I created a simple program, creating a 2X3 array and explored the address of the expressions, in piece and whole.

#include <stdio.h>
#include <stdlib.h>

#define SPACE_BETWEEN_LINES "\n\n"

int main(void)
{
int a[2][3];
int i,j;

printf ( SPACE_BETWEEN_LINES );

for ( i = 0; i < 2; i++ )
for ( j = 0; j < 3; j++ )
a[j] = 0;

10*i+j might have been a better value so when you print any element of
the array you can tell it is the correct one.

snip
printf ( "The value at *(a+0) is %d\n", **(a+0) ); /* *(*(a+0)) */

*(a+0) is by definition the same as a[0]. a[0] is an array of 3 int.
It doesn't make sense to talk about a single value for such an array.

**(a+0) is same as a[0][0] (from recursive application of the above
definition). a[0][0] is the single int you print. But it is not the
value of a[0].
printf ( "\n" );

return 1;

This is a non-portable return value from main. Usually successful
completion returns 0. If you really wanted a non-zero value,
EXIT_FAILURE is portable and always non-zero.
}

Output:

The address for a[0][0] is 0x7fff67ca8bf0
The address for a[0][1] is 0x7fff67ca8bf4
The address for a[0][2] is 0x7fff67ca8bf8
The address for a[1][0] is 0x7fff67ca8bfc
The address for a[1][1] is 0x7fff67ca8c00
The address for a[1][2] is 0x7fff67ca8c04

The address for ((*(a + 0)) + 0) is 0x7fff67ca8bf0
The address for ((*(a + 0)) + 1) is 0x7fff67ca8bf4
The address for ((*(a + 0)) + 2) is 0x7fff67ca8bf8
The address for ((*(a + 1)) + 0) is 0x7fff67ca8bfc
The address for ((*(a + 1)) + 1) is 0x7fff67ca8c00
The address for ((*(a + 1)) + 2) is 0x7fff67ca8c04

The starting address of a is: 0x7fff67ca8bf0

The second row starting address: 0x7fff67ca8bfc

The a[1][0] address is : 0x7fff67ca8bfc

*(a+0) + 1 address is: 0x7fff67ca8bf4
The value at *(a+0) is 0

So, given a[][], a two dimensional array, *(a+i) will return the address of the starting row, *(a+i) + j, returns the address of row,column, &a[j].

* is not a function so return is not the best term to use. The
expression *(a+i) and its identical twin a will, with a few
exceptions that don't apply here, both EVALUATE to the address of the
i-th row, not the starting row. If you meant the start of row i, that
would be correct.
The i term added to a is being added to the base address of the array and itself, i, representing the size of a row. j then adds to that address giving the column position.

When a pointer and an integer are added, the value of the integer is
scaled by the size of the object pointed to, or if you prefer, the
size of the object type pointed to.

Given a pointer p to type T and an integer k, the C expression
p + k
is mathematically equivalent to
p + k * sizeof(T)
or the synonymous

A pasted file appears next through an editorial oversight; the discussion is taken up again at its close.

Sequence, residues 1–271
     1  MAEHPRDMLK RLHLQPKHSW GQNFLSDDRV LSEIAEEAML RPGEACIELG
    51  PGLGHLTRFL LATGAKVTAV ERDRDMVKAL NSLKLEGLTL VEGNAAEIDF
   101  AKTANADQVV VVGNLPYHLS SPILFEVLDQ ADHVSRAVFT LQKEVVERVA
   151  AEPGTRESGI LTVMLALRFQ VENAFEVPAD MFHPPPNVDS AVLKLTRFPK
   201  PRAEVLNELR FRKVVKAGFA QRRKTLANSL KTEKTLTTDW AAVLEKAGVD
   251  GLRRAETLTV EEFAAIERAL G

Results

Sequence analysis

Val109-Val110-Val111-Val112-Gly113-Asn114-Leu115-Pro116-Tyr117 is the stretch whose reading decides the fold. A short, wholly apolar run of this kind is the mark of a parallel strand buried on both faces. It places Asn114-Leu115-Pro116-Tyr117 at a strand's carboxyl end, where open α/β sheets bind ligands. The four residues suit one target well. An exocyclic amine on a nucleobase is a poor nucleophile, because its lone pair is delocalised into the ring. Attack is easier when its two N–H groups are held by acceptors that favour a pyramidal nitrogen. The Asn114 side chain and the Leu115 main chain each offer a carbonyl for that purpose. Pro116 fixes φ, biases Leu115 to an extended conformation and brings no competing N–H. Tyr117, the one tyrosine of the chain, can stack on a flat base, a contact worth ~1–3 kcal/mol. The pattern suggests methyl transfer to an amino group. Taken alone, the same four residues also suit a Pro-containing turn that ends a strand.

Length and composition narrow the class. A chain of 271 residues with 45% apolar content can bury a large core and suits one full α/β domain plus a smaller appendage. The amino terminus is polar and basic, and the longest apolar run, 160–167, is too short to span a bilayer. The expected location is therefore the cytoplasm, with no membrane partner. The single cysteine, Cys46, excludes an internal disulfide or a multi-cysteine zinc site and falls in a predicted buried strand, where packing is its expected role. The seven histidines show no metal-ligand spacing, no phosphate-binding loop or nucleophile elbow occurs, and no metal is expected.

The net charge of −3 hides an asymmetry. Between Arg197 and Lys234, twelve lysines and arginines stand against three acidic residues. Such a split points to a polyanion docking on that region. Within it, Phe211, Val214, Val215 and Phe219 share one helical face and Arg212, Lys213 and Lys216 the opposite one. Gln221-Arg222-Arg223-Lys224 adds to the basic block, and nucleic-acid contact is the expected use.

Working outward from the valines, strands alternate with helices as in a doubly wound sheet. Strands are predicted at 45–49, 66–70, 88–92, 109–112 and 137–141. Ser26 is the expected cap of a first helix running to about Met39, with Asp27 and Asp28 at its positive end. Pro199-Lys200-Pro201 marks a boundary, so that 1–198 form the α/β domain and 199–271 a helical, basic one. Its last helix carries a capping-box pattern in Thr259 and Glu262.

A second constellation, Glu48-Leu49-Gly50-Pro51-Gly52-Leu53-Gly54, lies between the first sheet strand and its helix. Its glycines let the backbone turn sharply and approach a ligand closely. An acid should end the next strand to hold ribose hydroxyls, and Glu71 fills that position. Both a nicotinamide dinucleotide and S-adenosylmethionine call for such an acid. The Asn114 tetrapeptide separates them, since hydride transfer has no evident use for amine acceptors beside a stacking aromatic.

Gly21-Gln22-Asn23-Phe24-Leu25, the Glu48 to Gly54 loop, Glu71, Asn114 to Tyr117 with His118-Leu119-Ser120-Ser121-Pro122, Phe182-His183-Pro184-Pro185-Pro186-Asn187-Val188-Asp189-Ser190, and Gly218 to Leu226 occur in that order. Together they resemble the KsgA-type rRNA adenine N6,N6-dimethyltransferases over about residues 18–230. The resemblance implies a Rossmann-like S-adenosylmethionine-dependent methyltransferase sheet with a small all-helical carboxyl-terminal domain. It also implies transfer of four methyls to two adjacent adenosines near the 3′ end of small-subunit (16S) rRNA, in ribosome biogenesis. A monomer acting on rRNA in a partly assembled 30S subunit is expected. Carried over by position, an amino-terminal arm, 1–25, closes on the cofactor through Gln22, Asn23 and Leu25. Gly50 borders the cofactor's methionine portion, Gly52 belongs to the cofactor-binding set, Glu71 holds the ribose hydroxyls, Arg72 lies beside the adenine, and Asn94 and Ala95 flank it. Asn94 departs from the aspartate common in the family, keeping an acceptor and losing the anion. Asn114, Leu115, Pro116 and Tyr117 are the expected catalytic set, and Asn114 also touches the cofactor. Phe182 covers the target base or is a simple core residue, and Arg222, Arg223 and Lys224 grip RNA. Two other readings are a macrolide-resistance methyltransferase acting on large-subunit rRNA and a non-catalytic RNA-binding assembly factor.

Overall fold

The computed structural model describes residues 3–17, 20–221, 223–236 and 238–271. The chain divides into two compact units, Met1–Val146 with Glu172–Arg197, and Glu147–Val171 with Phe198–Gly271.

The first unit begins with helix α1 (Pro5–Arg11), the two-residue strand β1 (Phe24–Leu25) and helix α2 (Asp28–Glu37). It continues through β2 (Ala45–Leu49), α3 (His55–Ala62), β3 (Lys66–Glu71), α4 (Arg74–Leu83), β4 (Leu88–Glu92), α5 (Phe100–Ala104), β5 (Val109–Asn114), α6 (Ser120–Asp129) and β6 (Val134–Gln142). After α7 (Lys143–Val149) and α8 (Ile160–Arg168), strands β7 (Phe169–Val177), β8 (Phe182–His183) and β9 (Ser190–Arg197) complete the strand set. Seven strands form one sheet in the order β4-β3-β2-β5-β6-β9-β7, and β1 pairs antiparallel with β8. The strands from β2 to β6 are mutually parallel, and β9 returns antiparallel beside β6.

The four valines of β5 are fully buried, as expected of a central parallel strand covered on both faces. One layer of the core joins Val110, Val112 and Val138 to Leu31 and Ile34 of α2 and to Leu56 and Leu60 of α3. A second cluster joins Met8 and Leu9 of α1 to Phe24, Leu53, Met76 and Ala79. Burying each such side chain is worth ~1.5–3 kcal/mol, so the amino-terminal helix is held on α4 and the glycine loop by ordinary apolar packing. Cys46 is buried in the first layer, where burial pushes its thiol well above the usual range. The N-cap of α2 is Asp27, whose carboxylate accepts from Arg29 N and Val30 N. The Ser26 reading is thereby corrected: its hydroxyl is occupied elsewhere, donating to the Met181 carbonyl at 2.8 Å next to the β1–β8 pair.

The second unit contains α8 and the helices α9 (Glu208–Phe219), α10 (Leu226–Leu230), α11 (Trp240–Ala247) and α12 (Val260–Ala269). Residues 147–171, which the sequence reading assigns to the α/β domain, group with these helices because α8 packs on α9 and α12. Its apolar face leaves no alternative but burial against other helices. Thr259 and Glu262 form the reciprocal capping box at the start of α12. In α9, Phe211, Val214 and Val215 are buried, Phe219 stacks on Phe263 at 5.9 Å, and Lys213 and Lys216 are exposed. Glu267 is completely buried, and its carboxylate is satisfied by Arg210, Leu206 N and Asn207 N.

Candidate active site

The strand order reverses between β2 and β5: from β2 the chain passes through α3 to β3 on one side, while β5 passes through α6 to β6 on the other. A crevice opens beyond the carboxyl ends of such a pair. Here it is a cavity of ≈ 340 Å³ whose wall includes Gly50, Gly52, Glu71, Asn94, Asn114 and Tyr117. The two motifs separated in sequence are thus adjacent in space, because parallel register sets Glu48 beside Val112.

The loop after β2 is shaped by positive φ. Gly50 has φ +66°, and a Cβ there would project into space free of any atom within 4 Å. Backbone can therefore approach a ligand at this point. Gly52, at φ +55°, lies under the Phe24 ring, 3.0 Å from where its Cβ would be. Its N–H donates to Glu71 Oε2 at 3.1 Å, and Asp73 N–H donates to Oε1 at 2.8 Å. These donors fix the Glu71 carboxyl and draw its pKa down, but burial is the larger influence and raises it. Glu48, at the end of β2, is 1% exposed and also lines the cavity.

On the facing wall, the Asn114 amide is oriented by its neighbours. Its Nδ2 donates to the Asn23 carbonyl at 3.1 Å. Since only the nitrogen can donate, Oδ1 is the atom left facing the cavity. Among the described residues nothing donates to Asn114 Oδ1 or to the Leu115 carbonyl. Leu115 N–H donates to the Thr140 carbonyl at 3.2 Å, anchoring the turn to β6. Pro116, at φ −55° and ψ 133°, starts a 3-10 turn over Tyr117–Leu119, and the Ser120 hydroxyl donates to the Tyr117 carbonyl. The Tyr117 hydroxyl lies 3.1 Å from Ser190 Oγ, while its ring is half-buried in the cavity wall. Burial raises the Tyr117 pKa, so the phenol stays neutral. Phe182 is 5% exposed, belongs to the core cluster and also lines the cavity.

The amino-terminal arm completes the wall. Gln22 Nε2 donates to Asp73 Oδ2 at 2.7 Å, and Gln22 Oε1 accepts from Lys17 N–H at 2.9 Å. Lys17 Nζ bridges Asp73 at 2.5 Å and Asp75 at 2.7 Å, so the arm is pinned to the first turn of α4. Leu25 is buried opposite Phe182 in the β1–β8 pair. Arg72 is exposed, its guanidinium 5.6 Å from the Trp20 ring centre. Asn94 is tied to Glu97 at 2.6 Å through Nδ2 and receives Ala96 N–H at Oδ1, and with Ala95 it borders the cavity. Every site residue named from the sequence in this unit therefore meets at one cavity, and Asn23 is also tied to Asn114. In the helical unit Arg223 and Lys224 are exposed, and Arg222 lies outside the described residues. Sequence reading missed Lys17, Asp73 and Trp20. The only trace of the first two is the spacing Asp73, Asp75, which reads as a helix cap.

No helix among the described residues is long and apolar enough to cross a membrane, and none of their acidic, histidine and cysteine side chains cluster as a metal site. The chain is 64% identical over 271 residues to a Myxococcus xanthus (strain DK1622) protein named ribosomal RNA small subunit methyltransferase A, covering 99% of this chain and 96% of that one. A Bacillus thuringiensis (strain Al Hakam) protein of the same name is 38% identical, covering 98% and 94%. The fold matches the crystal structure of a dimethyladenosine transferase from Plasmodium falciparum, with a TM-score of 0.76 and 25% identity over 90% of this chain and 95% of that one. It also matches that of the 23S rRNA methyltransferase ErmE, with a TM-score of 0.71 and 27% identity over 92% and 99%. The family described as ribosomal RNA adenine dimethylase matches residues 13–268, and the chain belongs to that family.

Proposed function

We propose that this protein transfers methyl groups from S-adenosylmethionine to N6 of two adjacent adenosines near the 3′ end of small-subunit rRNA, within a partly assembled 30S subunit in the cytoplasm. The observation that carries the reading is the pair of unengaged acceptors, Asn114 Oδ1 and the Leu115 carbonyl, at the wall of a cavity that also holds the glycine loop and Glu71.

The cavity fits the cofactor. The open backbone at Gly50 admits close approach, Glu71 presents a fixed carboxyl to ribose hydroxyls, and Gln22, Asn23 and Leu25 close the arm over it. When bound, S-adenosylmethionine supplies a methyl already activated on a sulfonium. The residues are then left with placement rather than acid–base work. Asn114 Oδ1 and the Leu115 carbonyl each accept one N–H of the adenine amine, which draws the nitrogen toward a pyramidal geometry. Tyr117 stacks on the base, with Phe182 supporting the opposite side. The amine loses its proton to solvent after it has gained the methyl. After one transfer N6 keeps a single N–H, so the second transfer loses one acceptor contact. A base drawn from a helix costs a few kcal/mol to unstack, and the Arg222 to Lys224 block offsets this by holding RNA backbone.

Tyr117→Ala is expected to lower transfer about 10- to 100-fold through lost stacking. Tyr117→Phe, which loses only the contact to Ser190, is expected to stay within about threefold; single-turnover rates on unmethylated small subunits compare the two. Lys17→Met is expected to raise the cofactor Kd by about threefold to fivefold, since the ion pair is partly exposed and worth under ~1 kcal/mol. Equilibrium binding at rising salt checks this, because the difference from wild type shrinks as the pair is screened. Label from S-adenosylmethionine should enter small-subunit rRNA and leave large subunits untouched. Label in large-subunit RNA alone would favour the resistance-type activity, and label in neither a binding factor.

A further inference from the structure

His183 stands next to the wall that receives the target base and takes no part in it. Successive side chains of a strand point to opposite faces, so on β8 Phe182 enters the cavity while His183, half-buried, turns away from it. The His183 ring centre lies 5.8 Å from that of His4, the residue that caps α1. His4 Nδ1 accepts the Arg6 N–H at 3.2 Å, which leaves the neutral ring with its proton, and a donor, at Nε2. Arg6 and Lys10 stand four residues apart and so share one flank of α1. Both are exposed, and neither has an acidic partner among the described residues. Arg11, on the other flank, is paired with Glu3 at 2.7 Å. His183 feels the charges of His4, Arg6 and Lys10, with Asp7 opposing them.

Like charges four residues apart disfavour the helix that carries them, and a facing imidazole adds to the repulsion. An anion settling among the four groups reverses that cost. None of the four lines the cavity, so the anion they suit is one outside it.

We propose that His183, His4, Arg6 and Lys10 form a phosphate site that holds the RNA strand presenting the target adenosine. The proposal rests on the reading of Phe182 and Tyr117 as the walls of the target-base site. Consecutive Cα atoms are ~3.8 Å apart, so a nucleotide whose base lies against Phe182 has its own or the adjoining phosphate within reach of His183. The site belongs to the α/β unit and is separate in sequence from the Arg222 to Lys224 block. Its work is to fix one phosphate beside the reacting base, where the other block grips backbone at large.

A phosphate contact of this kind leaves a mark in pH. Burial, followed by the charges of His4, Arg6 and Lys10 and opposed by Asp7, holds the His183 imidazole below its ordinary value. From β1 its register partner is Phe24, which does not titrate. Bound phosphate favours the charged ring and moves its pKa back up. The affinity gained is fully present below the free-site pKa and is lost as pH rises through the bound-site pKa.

p + k * sizeof *p

Furthermore, discounting the exceptions alluded to above, an
expression with array type is converted to the address of the first
array element with type pointer to element type.

So, the expression
a
is converted to &a[0] with type pointer to array of 3 int,
syntactically written as int(*)[3]. Since sizeof(int) is 4 on
your system, an array of 3 int has size 12.

Combining these two facts tells us that the expression a+i will
evaluate to the address i*12 bytes beyond the start of the array and
still have type pointer to array of 3 int. The net effect is that a+i
evaluates to the address of the i-th row

The expression *(a+i) dereferences this pointer and the result is an
array of 3 int. Consequently, this expression is also converted as
described above. The result is the address of the first element of
the i-th row &a[0] with type pointer to int. In other words,
&a[0].

Adding j to this expression will evaluate to the address j*4 bytes
beyond the start of the row and still have type pointer to int. In
other words, &a[j].

K

#### Keith Thompson

Barry Schwarz said:
On Mon, 27 Aug 2012 13:35:35 -0700 (PDT), (e-mail address removed) wrote: [...]
* is not a function so return is not the best term to use. The
expression *(a+i) and its identical twin a will, with a few
exceptions that don't apply here, both EVALUATE to the address of the
i-th row, not the starting row. If you meant the start of row i, that
would be correct.

The usual term is "yield": functions return values, and expressions
yield values.

[...]
When a pointer and an integer are added, the value of the integer is
scaled by the size of the object pointed to, or if you prefer, the
size of the object type pointed to.

Another way to look at it is that the value is *not* "scaled" by the
size of the object pointed to; rather, the addition yields a pointer
that points N *objects* past the object that the original pointer
points to. (There has to be an array for this to make sense, possibly
the 1-element array that's equivalent to a single object.)

The standard's description doesn't talk about scaling (N1570 6.5.6p8):

When an expression that has integer type is added to or
subtracted from a pointer, the result has the type of the
pointer operand. If the pointer operand points to an element
of an array object, and the array is large enough, the result